Swedish alcohol monopoly gets knocked, but still standing
The Swedish state monopoly on alcohol may have its drawbacks but Swedes profess that it is worth keeping, even as they are busy finding legal, or sometimes not so legal, ways of getting around its restrictions.
About 30 percent of alcohol consumed in Sweden escapes all government control as Swedes smuggle, brew or import as much drink as possible to escape exorbitant official prices.
The state’s monopoly was invented in 1865, a precursor to Sweden’s more recent nanny-state inclinations. To be fair, at the time Swedes threw back a stunning 46 litres of pure alcohol per year per person, which led to such a generalized drunken stupor that there were serious concerns that they might become unfit to work.
“Working capacity decreased, as work-related accidents increased, and output declined. The conclusion was that as long as there was unlimited access to inexpensive alcohol, provided by private retailers, it would be hard to decrease overall consumption,” according to Systembolaget, Sweden’s state-run drinks retailer. The answer was simple: high taxes and tight distribution would surely wean the Swedes from the bottle and sure enough, as far as those objectives are concerned, the crackdown has been an unqualified success. By last year, consumption had fallen to just 9.2 litres of pure alcohol per Swede, placing the country way down the list of drinking nations, in 32nd place.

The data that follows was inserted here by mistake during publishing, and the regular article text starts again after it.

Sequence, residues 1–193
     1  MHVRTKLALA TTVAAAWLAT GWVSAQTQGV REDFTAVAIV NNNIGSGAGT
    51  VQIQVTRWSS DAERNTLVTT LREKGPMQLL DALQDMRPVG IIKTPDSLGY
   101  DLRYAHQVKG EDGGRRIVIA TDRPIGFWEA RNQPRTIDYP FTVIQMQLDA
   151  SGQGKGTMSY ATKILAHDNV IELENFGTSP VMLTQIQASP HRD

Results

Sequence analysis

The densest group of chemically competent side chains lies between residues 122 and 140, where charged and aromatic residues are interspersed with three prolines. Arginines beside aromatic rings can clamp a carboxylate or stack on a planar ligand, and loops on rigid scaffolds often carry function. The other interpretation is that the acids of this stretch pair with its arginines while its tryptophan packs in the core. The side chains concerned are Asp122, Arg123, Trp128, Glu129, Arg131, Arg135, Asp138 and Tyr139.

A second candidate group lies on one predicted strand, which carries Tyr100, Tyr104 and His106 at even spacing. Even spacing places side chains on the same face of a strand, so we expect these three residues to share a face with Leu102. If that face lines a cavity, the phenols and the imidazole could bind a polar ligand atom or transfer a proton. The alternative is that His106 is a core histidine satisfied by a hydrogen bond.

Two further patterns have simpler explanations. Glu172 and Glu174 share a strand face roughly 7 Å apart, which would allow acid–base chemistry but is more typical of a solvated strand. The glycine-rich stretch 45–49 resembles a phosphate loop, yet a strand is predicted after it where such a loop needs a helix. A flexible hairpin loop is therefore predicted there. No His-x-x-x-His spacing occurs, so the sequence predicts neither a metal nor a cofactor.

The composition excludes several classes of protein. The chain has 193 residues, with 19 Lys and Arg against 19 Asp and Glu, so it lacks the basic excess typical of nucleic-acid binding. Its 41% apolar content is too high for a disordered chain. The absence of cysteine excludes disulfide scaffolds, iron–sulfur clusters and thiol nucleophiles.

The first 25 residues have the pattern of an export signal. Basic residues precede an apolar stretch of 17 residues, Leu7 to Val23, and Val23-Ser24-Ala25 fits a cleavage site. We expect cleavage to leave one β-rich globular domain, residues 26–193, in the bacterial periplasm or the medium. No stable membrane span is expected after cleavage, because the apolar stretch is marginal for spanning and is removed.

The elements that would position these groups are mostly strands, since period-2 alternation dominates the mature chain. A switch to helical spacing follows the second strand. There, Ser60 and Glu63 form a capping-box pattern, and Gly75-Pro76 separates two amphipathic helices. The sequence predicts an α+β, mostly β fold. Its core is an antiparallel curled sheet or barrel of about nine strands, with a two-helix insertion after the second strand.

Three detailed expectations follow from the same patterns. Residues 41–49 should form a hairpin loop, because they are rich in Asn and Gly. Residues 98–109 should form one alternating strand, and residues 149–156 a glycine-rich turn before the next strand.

However, the authorities have been forced to loosen their iron grip on their citizens, especially after European Union legislation kicked in, becoming a more serious threat to state control than the century-old pastime of smuggling and moon shining. As a result of its EU membership since 1995, Sweden has been forced to abandon its state monopoly on alcohol exports, on imports and on wholesale and also to cut some taxes. —AFP